“Part Seductress. Part Assassin. All Vampire.”
Inflicted by Jake West
Starring Eileen Daly and Christopher Adamson
Lilith Silver (Daly, and that name should give you an idea of the kind of film we’re dealing with here) is a 19th century (I guess) woman who shoots Sethane Blake (Adamson), a vampire who kills her lover (or someone) in a duel. The bullet doesn’t affect him much, but he’s so moved by her bravery or something that he turns her into a vampire. Skip forward to the present where Lilith is a hitwoman assassin-type person in a dodgy leather catsuit. She’s assassinating members of a mysterious organization called the Illuminati who wear cheap novelty gift rings. Their leader appears to be none other than – gasp! – Sethane Blake again, and he sets his pet police inspector, Price (Jonathan Coote) on her. We follow Lilith around as she kills people, has sex with people (and kills them), gets in trouble with the law, etc., until eventually she goes after Blake in a big showdown with a super-ass lame twist ending.
What’s wrong with it?
- “Lilith Silver?”
- At one point, she goes into a goth club and in the background they’re playing – shock horror! – “Bela Lugosi’s Dead.” It’s a bit on the nose, isn’t it?
- Interminable pompous ham voice-overs.
- Effects that would disgrace a Hammer film.
- Lilith’s ridiculous internet chat-room thingy.
- Silver’s boyfriend is called Platinum.
- Someone claims to admire Price’s – my hand to God – “dogged determinism.”
- The sex scenes manage to combine being really pretty unerotic with feeling sleazy and vile.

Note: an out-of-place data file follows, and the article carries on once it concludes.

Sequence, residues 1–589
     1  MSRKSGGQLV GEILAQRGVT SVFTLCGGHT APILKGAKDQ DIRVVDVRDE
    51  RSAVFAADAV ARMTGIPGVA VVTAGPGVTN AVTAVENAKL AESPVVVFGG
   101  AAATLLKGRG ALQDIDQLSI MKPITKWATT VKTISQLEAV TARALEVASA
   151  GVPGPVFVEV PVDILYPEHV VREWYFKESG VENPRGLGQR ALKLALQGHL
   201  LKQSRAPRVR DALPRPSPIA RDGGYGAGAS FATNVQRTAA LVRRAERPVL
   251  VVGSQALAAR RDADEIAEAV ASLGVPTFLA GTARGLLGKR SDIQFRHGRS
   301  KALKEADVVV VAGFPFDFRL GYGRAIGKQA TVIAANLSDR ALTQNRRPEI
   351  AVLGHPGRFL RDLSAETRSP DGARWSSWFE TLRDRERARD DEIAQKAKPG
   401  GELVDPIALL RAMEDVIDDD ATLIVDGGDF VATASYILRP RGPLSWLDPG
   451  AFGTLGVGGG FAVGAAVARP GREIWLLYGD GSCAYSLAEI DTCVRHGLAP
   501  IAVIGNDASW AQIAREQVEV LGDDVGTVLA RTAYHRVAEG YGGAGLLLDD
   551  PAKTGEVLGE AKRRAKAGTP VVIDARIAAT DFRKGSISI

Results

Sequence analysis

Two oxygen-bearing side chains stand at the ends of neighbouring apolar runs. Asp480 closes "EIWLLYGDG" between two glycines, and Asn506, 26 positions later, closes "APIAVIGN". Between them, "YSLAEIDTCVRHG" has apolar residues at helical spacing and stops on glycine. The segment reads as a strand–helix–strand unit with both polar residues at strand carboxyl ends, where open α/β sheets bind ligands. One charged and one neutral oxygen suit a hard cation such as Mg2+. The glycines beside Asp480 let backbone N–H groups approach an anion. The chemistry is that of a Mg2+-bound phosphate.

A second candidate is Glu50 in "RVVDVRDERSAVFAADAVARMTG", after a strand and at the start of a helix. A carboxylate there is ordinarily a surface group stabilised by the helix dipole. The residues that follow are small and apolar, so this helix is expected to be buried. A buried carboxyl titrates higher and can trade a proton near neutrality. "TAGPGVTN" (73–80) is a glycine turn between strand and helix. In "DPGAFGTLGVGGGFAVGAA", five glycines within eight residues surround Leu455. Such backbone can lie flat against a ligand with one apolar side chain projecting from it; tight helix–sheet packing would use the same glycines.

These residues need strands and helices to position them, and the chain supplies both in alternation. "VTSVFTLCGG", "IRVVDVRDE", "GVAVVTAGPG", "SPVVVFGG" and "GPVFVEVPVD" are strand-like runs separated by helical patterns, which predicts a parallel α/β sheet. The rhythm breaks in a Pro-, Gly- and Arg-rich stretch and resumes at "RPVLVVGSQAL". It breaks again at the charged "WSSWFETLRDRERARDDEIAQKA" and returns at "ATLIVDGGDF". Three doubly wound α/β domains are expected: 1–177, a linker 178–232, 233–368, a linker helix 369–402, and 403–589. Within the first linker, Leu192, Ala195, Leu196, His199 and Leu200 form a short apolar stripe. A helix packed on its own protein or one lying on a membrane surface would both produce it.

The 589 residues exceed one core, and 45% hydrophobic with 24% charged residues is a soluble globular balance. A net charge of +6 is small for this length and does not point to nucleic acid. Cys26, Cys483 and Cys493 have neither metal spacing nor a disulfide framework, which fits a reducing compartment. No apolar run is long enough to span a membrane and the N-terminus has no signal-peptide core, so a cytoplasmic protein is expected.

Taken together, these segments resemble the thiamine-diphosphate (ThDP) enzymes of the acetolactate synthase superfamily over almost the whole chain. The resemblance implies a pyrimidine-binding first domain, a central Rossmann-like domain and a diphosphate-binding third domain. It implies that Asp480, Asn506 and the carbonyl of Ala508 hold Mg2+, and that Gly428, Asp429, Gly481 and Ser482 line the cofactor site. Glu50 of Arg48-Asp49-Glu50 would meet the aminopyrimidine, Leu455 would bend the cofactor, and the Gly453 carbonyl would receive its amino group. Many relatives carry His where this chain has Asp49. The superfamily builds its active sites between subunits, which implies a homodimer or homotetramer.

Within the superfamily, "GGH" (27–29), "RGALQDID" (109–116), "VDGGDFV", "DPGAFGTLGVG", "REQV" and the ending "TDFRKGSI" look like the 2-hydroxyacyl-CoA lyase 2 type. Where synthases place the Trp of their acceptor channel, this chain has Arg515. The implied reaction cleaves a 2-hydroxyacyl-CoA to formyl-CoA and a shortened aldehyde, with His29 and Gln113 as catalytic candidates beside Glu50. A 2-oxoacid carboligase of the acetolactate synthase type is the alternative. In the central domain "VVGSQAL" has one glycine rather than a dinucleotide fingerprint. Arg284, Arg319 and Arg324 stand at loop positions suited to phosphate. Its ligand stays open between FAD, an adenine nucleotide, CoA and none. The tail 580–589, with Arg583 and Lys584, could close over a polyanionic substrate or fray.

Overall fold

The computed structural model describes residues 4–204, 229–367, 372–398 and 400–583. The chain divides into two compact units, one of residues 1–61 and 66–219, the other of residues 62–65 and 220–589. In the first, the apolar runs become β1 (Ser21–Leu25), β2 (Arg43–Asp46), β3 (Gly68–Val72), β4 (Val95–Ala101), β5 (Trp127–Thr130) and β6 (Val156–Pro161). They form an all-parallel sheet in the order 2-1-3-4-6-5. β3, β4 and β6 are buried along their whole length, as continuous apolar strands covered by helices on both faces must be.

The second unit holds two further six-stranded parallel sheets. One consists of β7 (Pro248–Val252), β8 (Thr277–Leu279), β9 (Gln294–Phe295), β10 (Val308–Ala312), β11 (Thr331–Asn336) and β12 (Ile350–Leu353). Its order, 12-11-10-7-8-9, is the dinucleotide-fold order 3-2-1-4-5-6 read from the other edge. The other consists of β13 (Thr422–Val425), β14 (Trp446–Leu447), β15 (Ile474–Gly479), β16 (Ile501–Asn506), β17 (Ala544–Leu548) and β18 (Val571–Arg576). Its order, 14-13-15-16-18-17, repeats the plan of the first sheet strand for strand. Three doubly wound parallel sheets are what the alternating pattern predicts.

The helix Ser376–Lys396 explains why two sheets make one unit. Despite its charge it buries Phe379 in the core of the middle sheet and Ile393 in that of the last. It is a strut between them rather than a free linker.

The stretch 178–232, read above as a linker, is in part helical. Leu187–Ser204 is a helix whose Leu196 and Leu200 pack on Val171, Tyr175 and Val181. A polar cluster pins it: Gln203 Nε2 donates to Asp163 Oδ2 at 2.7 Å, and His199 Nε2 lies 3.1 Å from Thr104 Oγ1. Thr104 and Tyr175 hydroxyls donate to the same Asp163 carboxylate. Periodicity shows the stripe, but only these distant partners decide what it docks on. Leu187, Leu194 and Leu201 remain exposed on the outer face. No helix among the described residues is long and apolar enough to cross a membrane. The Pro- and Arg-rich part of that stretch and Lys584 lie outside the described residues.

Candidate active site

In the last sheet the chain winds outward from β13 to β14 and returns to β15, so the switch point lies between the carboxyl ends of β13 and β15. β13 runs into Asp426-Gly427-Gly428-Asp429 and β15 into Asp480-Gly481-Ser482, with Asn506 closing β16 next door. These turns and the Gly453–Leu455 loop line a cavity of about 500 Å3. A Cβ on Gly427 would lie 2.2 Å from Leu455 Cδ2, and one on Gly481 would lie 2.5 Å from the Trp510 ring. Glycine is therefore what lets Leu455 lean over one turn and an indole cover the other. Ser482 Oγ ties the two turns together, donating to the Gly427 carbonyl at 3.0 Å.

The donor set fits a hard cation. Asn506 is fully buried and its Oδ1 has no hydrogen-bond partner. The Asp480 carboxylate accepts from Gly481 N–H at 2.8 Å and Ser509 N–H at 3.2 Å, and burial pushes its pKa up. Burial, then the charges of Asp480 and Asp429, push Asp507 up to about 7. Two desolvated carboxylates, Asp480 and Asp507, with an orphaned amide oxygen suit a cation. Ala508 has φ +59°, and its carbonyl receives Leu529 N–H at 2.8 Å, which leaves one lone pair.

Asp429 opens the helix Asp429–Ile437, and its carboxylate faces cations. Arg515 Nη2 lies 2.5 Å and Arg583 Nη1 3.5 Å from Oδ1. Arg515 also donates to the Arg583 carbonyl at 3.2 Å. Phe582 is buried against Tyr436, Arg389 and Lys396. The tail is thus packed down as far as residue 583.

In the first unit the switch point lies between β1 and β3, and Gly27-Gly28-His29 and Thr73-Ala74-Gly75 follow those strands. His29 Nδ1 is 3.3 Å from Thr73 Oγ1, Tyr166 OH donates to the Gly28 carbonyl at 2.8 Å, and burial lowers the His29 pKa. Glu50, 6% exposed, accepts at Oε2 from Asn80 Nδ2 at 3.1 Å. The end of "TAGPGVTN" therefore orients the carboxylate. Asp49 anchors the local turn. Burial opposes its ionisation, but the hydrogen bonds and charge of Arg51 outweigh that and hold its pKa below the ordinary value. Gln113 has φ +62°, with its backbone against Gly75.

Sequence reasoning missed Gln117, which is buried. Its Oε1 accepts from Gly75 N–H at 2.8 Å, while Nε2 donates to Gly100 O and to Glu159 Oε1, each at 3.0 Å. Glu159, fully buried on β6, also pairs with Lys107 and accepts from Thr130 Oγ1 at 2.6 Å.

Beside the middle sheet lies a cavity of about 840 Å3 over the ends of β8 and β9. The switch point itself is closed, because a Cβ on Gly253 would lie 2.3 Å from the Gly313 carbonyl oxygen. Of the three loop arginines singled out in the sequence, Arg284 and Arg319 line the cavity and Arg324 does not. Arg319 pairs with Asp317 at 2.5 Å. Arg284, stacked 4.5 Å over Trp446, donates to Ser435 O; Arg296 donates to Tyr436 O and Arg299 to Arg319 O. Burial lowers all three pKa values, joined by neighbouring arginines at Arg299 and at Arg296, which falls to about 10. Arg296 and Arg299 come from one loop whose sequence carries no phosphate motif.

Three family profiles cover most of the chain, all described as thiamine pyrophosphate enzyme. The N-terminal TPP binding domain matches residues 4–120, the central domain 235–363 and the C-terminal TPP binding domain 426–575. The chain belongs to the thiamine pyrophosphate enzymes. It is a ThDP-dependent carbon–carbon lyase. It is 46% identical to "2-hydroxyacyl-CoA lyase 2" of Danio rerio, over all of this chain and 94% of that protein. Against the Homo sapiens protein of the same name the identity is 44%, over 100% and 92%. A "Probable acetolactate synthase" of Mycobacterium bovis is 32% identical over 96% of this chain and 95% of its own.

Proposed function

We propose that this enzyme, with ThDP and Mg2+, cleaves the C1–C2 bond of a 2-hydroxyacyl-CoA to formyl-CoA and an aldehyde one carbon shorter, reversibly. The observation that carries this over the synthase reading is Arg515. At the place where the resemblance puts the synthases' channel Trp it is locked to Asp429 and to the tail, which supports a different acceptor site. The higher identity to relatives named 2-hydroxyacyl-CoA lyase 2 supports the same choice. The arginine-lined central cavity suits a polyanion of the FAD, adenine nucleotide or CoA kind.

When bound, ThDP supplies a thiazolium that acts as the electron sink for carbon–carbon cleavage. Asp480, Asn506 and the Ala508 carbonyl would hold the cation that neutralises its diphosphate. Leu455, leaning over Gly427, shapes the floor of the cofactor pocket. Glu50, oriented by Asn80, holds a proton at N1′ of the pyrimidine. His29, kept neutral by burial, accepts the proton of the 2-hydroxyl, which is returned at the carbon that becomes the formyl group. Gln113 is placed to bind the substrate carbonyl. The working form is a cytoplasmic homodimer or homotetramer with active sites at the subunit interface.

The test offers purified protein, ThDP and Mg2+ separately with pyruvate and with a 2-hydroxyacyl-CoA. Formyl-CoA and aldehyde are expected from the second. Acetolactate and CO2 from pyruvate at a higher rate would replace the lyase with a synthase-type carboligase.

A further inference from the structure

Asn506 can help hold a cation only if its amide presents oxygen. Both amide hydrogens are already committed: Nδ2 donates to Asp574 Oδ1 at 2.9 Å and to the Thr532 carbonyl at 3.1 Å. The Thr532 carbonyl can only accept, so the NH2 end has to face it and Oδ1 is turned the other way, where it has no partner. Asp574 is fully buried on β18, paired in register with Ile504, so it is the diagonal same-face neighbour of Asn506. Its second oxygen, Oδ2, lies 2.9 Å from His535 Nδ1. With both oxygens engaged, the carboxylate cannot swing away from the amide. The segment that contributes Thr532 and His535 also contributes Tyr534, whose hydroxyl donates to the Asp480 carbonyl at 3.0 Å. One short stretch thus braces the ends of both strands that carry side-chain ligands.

- The vampires are into the head-cutting-off thing, so you get to see what Highlander would be like if no one involved could fence worth a damn.
What’s right with it?
Price. He rocks. Sent to take out the vampire, he’s initially sceptical, but when shown evidence he gets right down to whittling stakes and chewing garlic. When Lilith wounds him with one of his own stakes, he steals some PCP from evidence and takes it so as to feel invulnerable. And when Blake offers to reward him for his good service by turning him into a vampire, he tops himself rather than have to put up with these wankers for all eternity. Having seen the film, I know how he feels…
How bad is it really?
If you’re both a goth and a moron, or ironically post-goth, it’s probably pretty enjoyable. For the rest of us, it’s just unbearable.
Best bit (if such there is)?
Well, if it isn’t any of Price’s bits, it’s the part where Lilith is creeping into a house and her catsuit creaks. Which, if you think about it, they probably do if you don’t have a good sound editor.
What’s up with…?
- note to all future henchlings. When someone throws a cellphone at you, and then it rings, DO NOT PICK IT UP. If you absolutely must, remember that only ONE of you is required to answer the phone.
- the cheesy-ass Halloween novelty rings the Illuminati wear? Kind of a cut rate bunch of secret masters.
- the horrible horrible horrible voiceover narration? Sounds like a high school production of a phone sex dominatrix.
- And leave us not forget the pathologist, so wittily nicknamed ‘Horror Movie Man’ (The Prophet).
Production values: Feeble. Shoddy camera work, poor lighting, bargain-basement effects (including the infamous “blue-for-night” filter). 15
Dialogue and performance: Execrable. Horrible, horrible overacting, particularly among the vampires. The appalling, pig-ignorant dialogue doesn’t help. 20
Plot: Weak. The core plot – secret society hunts vampire – is pretty consistent, but it tends to wander at length, usually when the director realizes it’s been 20 minutes and it’s time for another fight or sex scene. 16
Randomness: well, not that much, really. It’s a pretty hackneyed vampire story, with only the individual eccentricities of the characters to make it strange. 10
Waste of potential: I don’t know about this. I mean, it’s a pretty weak premise, and it’s not like we were expecting much. 10